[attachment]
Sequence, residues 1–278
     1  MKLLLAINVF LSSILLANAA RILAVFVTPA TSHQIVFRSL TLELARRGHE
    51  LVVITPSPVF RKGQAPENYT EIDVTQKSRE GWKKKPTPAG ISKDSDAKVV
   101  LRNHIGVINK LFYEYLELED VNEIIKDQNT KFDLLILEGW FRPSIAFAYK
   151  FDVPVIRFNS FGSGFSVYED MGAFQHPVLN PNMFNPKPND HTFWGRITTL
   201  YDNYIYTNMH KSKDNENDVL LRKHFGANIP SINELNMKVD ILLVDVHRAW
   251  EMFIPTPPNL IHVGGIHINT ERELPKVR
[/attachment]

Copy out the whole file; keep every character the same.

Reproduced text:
Sequence, residues 1–278
     1  MKLLLAINVF LSSILLANAA RILAVFVTPA TSHQIVFRSL TLELARRGHE
    51  LVVITPSPVF RKGQAPENYT EIDVTQKSRE GWKKKPTPAG ISKDSDAKVV
   101  LRNHIGVINK LFYEYLELED VNEIIKDQNT KFDLLILEGW FRPSIAFAYK
   151  FDVPVIRFNS FGSGFSVYED MGAFQHPVLN PNMFNPKPND HTFWGRITTL
   201  YDNYIYTNMH KSKDNENDVL LRKHFGANIP SINELNMKVD ILLVDVHRAW
   251  EMFIPTPPNL IHVGGIHINT ERELPKVR